In Csuti’s case, this means that, if his central controller gets knocked offline or out of service for any reason, any SNAP PAC brains distributed across the facility won’t be affected and will continue executing their PID calculations and dosing the water as prescribed.

Another benefit of this distributed architecture relates to wiring, as Csuti’s water treatment operations take place in a massive facility designed with a main control room that communicates to six remote I/O panels plus two remote sites that communicate via fiber optics. These are all wired to I/O that open and close valves, turn devices on and off, and monitor instrumentation. During the daytime shift, Csuti’s SCADA system operates in manual mode and the panels are used for local control. After hours, overnight, and on holidays, the system is switched into automatic mode and the control room takes precedence. Thus, wiring is needed to two distinct locations. Also, for centralized control of the facility’s 2,500+ I/O points, many long wiring runs would need to be establishing and managed. All of this dictated that a distributed architecture would work best.

Parallel Wiring

Csuti has had to wire his entire facility in parallel – literally duplicating the architecture already in place by installing the new hardware and wiring it to the I/O alongside the old hardware. Although this approach has been more time-consuming than a typical hardware removal and replacement would be, the nature of operations at the LMDT, and the considerable impact these operations have on the health and well being of the surrounding populace and environment, have left no other choice.

PACs and I/O racks after the upgrade

“Our facility is a 24/7/365 facility that processes about 2.8 million GPD and our water treatment operations are absolutely critical to this community,” Csuti says. “We’re in a position where we just can’t shut things down for any significant period of time. As a result, we have fewer options in terms of how we can perform our system upgrade. Wiring everything in duplicate has been tricky. We’ve got I/O and components with jury-rigged mounting all over the place.”

Ultimately though, the upgrade will be well worth it, as the new system is a hundred times faster, has better PID handling capabilities, and offers higher-density I/O that will save the Bureau a good deal of space.

With the entire control system configured in parallel, Csuti is able to switch over from his old mistic architecture to his new SNAP PAC architecture, fine tuning it to his exact operating specifications and preferences. As it functions, he evaluates and makes note of adjustments that need to be made. He can then switch back over to the old system and make these adjustments, while still keeping the facility operational. Csuti plans to continue flip-flopping like this until everything is perfect, at which time, he’ll then strip away the old system – controllers, wiring, racks, modules and other hardware – completely.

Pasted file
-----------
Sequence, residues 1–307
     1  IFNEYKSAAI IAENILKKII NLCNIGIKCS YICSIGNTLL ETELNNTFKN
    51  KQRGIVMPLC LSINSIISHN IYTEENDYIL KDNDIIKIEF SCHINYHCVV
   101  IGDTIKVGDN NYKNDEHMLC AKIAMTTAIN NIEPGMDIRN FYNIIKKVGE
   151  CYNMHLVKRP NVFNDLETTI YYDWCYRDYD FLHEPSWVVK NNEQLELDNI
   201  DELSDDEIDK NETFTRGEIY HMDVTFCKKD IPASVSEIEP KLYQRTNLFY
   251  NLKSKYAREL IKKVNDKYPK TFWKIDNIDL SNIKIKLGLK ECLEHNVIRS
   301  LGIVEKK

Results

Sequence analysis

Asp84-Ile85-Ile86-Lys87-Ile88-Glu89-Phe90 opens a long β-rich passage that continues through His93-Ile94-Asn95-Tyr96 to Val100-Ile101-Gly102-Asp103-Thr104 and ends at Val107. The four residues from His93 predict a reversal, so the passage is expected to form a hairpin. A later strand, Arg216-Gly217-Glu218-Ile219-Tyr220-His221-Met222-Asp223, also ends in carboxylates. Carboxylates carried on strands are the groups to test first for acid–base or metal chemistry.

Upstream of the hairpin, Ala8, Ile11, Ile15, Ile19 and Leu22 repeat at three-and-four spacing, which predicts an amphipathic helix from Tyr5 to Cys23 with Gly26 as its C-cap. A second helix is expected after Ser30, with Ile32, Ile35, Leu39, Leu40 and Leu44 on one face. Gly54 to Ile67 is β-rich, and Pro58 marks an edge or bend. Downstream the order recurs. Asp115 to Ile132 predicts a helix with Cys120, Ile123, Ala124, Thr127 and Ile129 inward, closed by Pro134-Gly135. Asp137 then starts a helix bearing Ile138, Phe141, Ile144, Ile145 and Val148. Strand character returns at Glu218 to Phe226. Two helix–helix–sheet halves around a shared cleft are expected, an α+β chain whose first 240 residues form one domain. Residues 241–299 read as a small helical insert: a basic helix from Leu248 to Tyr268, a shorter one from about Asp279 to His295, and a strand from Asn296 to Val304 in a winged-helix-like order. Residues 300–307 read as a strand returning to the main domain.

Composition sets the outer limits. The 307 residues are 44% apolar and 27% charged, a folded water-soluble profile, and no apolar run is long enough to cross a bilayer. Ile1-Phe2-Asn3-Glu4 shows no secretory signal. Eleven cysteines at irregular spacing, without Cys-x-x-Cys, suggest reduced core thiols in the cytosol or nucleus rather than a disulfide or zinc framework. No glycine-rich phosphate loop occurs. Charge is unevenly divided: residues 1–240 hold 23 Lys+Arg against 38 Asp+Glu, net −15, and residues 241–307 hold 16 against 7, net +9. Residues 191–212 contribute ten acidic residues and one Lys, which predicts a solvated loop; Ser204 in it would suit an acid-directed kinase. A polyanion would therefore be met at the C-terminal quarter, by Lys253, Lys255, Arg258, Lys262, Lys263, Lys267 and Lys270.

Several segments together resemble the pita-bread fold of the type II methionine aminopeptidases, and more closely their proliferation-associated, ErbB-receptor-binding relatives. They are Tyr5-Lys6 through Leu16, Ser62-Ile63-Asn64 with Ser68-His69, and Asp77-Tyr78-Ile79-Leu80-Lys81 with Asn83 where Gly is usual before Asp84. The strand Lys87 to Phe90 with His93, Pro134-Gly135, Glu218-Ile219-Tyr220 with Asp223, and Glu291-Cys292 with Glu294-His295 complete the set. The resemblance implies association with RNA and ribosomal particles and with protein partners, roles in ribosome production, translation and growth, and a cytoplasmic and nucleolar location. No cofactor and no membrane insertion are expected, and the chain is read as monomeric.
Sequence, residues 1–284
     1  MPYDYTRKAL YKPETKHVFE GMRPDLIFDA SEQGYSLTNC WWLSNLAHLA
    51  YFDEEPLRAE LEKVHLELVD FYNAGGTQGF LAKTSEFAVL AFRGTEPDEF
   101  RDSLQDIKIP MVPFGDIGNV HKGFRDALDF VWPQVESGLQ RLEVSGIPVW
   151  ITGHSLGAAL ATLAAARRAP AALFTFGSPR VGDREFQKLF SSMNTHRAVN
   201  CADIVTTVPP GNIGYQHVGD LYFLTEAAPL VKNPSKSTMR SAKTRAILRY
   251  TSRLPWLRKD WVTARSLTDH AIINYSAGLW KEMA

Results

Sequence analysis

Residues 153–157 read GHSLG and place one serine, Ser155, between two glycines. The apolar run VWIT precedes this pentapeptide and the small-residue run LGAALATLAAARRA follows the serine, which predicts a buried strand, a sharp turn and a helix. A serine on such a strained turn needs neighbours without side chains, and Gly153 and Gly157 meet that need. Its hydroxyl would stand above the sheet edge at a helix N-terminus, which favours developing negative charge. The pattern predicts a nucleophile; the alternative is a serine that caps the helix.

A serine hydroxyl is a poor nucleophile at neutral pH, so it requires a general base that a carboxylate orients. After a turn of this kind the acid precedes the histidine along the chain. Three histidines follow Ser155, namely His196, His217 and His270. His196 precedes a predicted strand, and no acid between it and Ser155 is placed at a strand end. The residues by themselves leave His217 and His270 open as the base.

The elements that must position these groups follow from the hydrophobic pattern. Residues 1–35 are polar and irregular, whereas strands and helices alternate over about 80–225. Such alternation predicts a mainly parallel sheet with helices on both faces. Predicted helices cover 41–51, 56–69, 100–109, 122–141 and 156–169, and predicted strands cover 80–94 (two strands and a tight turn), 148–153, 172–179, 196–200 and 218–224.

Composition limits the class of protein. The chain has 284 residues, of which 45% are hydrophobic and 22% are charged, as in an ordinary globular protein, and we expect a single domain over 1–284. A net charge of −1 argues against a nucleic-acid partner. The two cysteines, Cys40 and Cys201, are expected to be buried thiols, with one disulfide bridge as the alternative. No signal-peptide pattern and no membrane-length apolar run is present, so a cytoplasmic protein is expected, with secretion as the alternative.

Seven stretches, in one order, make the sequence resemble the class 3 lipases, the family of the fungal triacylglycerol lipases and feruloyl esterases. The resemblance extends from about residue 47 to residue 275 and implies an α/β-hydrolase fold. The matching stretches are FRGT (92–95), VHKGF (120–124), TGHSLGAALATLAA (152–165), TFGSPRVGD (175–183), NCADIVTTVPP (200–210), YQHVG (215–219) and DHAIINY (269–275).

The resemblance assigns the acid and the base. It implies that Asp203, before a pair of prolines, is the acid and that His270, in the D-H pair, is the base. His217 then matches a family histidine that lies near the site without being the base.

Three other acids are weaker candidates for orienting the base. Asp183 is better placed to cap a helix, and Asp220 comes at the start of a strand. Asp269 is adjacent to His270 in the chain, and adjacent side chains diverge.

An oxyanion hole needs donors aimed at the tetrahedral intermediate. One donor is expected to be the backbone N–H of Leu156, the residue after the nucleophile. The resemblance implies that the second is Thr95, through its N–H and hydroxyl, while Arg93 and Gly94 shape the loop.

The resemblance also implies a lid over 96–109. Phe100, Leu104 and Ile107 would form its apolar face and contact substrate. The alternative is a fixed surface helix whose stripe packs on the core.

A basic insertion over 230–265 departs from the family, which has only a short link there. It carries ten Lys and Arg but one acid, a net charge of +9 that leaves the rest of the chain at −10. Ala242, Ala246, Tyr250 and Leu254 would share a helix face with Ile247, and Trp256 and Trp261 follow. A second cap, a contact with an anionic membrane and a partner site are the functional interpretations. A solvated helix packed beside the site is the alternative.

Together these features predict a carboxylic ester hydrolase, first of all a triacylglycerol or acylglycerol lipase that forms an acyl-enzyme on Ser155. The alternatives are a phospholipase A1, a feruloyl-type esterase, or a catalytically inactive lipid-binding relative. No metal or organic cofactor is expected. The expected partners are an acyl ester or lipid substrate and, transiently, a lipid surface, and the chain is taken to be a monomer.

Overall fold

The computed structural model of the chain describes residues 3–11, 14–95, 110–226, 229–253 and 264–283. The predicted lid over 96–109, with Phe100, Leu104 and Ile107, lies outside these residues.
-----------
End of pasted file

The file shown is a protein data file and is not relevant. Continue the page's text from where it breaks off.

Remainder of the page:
Fail-safes, Alarms & Reliability

Regulatory bodies continue to monitor the water in and around Leadville. If too much metal is in the water, or it’s otherwise unclean, Reclamation faces major fines. To guard against this, Csuti designed control strategies dictating that if any processes aren’t operating within defined operational guidelines, the SCADA system will issue commands to divert the water output from the river to a secure holding pond until the problem can be corrected and the system reset.

Similarly, when the facility is monitoring in automatic mode, if a valve is detected in a wrong position or any analog readings are out of parameters, the control strategy has the system attempt a restart. If the system cannot restart normally, the entire process shuts down in a safe and orderly fashion. During emergency situations such as this, an autodialer activates and calls one of four individuals (including Csuti), who immediately acknowledges the call and hurries onsite.

The SCADA system also monitors generator sets for power outages – sending instant notifications if any should occur – and uninterruptible power supplies keep the controllers and control strategies running at all times.

“Extensive programming has enabled this system to respond to many different scenarios and conditions,” says Csuti. “The sophistication of our control programs and decision-making that takes place within them makes our system something of a living entity.”

About the Author: David Crump is marketing communications manager for Opto 22, of Temecula, CA. Other articles he wrote were published in Design World, Convenience Store News, Control Engineering, M2M, and Design News. Contact: 800-321-6786, [email protected] or